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10/26/09 3:15 AM ET

Yanks rediscover path to pennant

Unrivaled franchise finds itself one foe from ultimate goal

NEW YORK -- These are the Yankees, getting back to where they once belonged.

For the 40th time, a pennant has been won by New York's American League franchise. This number becomes much more impressive by comparison: In second place with 21 pennants is the Dodgers franchise, and it needed two different coasts to get even that close.

Baseball's most successful franchise had not been to the World Series in six years and has not won one in nine years. That's the blink of an eye if you're a fan of the Chicago Cubs. But for the Yankees, who lead both leagues every year in truly demanding expectations, it is a championship drought. The pennant half of it has ended now, via the Yankees' 5-2 victory over the Angels in Game 6 of the 2009 American League Championship Series.

Sunday night's deciding game, fittingly enough, was a bit of a cross section of things the Yankees have done very well. There were no home runs, so it wasn't a complete cross section. But there was pitching and defense and enough timely hitting to put the Bronx Bombers on top.

There is no more talented team in Major League Baseball than the Yankees, and 103 victories in the regular season had already made that point. But this did not mean that the pennant path was strewn with bouquets, even after an AL Division Series sweep of the Twins. The Angels had baseball's second-best record, and had swept the Red Sox in the ALDS. They had two impressive victories against New York in this series, but in the end could not extend the ALCS to a Game 7.

The Yankees were not without issues, but at the end of the day, even when their offense sputters a bit, it is still baseball's best. Andy Pettitte polished his reputation as a top-shelf postseason pitcher with exactly the kind of start that this situation required. His 16th postseason victory made him the all-time leader in that category. He departed the game in the seventh to a richly-deserved standing ovation, the Yankee Stadium crowd of 50,173 appreciating not only this night's work, but the entire body of work.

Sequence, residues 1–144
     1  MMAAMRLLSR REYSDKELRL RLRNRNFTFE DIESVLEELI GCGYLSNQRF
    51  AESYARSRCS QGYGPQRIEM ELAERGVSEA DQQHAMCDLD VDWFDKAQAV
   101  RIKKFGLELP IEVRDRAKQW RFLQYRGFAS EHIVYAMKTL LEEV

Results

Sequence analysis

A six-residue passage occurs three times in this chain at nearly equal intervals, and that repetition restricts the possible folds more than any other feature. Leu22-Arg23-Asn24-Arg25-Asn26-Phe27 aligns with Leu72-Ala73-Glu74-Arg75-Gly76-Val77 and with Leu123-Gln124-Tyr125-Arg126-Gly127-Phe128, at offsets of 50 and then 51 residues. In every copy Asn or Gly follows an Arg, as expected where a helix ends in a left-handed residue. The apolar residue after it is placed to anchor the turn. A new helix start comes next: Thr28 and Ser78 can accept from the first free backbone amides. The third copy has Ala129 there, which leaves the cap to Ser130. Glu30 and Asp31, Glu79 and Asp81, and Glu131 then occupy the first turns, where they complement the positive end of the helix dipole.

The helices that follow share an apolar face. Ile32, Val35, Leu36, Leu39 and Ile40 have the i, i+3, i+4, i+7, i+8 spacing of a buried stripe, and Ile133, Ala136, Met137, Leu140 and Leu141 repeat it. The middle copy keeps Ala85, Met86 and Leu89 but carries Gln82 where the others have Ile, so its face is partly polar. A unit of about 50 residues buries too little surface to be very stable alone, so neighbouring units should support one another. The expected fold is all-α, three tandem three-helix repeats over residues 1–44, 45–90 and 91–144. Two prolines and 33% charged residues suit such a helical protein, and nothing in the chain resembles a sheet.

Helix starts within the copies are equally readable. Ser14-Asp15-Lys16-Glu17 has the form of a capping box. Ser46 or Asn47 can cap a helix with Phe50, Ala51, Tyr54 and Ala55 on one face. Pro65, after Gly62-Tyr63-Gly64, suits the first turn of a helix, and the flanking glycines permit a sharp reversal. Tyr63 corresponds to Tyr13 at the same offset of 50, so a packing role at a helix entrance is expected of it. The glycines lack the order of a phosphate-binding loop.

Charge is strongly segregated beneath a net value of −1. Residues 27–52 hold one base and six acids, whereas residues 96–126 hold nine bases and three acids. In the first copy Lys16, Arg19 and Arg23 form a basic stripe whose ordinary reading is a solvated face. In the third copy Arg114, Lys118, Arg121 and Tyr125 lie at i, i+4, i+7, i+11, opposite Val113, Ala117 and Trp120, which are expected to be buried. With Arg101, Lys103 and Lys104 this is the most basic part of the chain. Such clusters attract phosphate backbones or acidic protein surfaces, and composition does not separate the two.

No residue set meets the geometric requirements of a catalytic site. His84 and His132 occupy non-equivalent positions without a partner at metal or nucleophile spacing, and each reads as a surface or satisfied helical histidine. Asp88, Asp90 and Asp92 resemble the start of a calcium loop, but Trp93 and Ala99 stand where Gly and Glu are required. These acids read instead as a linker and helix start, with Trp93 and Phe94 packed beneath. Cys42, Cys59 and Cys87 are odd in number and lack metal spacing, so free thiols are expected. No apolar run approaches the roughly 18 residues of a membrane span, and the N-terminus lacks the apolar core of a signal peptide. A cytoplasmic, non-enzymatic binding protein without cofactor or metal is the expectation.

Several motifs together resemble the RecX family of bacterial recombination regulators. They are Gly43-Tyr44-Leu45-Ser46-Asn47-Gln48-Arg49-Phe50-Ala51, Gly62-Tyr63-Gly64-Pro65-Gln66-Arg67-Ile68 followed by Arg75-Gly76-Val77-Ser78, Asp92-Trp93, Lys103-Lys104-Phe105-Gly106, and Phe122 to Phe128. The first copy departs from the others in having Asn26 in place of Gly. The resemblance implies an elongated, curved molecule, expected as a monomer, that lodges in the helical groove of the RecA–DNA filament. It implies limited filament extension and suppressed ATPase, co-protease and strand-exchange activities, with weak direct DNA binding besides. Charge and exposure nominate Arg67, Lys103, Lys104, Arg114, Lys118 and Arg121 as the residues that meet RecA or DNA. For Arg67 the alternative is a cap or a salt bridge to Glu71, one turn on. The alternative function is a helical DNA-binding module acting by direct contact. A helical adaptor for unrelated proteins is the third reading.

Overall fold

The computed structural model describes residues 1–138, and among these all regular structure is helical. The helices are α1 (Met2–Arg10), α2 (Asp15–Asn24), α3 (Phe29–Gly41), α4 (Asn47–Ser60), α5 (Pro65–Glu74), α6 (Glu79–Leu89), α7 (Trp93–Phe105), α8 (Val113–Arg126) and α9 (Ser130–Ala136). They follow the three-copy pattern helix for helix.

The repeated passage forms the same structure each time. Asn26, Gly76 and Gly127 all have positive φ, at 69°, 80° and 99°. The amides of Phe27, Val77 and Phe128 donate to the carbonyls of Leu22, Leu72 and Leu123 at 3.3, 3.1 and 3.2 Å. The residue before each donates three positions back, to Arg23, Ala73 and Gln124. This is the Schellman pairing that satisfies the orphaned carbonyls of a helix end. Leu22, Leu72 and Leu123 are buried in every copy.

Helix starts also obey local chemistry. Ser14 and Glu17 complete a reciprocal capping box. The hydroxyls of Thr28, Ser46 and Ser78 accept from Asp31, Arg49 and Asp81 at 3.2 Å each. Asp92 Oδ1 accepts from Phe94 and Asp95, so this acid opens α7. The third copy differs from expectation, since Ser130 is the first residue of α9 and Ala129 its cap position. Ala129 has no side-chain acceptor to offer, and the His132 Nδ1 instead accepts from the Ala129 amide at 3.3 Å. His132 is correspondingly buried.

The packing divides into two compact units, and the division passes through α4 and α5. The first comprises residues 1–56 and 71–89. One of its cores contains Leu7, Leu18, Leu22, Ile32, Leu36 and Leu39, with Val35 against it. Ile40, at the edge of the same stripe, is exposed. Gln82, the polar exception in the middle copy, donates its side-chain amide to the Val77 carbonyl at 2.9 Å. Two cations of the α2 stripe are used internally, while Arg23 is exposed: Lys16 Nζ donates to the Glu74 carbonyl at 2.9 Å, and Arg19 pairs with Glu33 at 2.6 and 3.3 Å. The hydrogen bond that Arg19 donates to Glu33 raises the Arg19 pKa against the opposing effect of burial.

There had been some accidents along the bridge to Mariano. New York's young setup men, Joba Chamberlain and Phil Hughes, were having some struggles and concern had mounted, particularly as the Yankees' edge in this series dwindled to 3-2.

Not to worry. Chamberlain got the two outs he was supposed to get in the seventh inning of Game 6. And then manager Joe Girardi took the shortcut across the bridge to Mariano Rivera, bringing in the closer to start the eighth for a six-out save.

Had Rivera failed in this task, Girardi could have been subjected to a round of second-guessing that might have gone on eternally. Rivera, of course, did not fail, because he is the best postseason closer in history.

Simply the best
Most appearances in championship round across all sports
Rank Team League Total
1. Yankees MLB 40
2. Canadiens NHL 34
3. Lakers NBA 30
4. Red Wings NHL 24
5. Dodgers MLB 21
Maple Leafs NHL 21